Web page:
Let's say you've decided you want to buy an eco-friendly house. How would you find one?
Not very easily, although the process is getting simpler.
The starting point for most consumers (and their real estate agents) in a general search for homes with specific features, such as those with four bedrooms or finished basements or that are within a given school district, would be to troll the database of your local multiple listing service and key in those terms.
But if you have your heart set on, say, geothermal heating or an enhanced air-filtration system, in most places you'd be out of luck. That's because the vast majority of property listing systems ignore such features altogether in terms of searchability, or relegate them to spaces for optional comments from the listing agent.
On this front, Chicago's MRED listing service is comparatively avant garde. Late last year, it inaugurated nearly two dozen green or energy-efficient features that listing agents could include in their MLS property descriptions, such things as tankless water heaters, native or drought-resistant landscaping, low-flow plumbing fixtures or whether the home's energy-conserving characteristics have been certified by certain third-party organizations, such as the U.S. Green Building Council's LEED program.
Now, the National Association of Realtors has begun a campaign that probably would fall squarely into the realm of herding cats: It's trying to get more of the nation's multiple listing services to do the same, and more.
"My guess is that there are anywhere from 30 to 40 MLS systems across the country that are doing this," said Al Medina, who is the director of the association's Green Designation Program. However, only about half of those have full-blown green search functions built into their systems; the other half have a few features or are just in the process of implementing them.
Thirty to 40 sounds like a lot, until you realize how many MLS systems are out there.
"There are just shy of 900," Medina said. "That gives you a good perspective of how much more work needs to happen out there. It's sporadic."
Medina concedes that the real estate industry lags homebuilders, engineers and architects in catering to consumer interest in green building and related features, and says there are several reasons why it has been a little late to the party.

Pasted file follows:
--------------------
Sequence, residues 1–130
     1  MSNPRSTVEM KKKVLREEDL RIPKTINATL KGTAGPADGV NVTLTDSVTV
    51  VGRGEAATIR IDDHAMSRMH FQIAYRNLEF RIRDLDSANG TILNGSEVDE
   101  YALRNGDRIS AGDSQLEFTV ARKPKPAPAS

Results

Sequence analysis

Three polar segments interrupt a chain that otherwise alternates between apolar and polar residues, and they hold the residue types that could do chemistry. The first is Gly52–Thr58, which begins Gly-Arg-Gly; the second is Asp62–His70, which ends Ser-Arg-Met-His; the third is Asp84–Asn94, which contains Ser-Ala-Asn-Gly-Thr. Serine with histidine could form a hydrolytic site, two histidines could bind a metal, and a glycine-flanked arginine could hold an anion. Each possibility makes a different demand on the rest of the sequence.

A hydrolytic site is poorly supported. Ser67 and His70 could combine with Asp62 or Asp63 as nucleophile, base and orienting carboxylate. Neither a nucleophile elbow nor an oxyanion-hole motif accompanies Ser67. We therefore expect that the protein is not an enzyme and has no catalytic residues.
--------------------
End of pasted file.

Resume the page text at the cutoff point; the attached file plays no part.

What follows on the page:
But one big and obvious reason would be the economy. Homebuilding drives green innovation (as opposed to the existing-homes market), and homebuilding has been pounded to within an inch of its life in the past couple of years. Another reason is that the real estate agent world these days is more focused on short sales and foreclosures.
"Green isn't front-and-center now," Medina said. But he's certain it will be eventually.
"Once the construction industry comes back, you're going to see a dramatic increase in green homes in this country," he said.
So the realtors association is trying to urge those 900 MLS systems to get ready by launching its "Green Tool Kit" program to guide them on creating searchable fields for environmentally friendly home features. It's not something that can just be done by fiat — those 900 listing services are all independently owned, and are notorious within the industry for being independent-minded.
But on a fledgling basis, anyway, Medina said he has data that such searchability can pay off for home sellers. In Atlanta, for example, where last year the local MLS added a green category to its listings, homes that had green certification sold 31 days faster than traditionally built houses in 2009, he said; in Portland, Ore., the MLS reported 18 days' difference.
One of the emerging reservations that some environmental groups and consumers have about the marketplace hugging green almost blindly is that the term has become so abused. "Greenwashing" lawsuits — for making misleading claims — have burst onto the legal scene in force in the last year or so, according to the National Law Journal.
All the more reason to set some parameters for marketing green properties, Medina said. A real estate agent could find himself on the wrong end of a lawsuit over vague or even false claims.
In Phoenix, which has one of the more detailed MLS mechanisms for noting environmentally friendly home features, agents who claim that a home has LEED certification have four days from the listing date to provide and post the documentation that proves its status, and if you don't provide the paperwork, the MLS will remove the listing from the system.
"It's similar to (listing) any other feature in a home; you have to be accurate," Medina said.Copyright © 2015, Los Angeles Times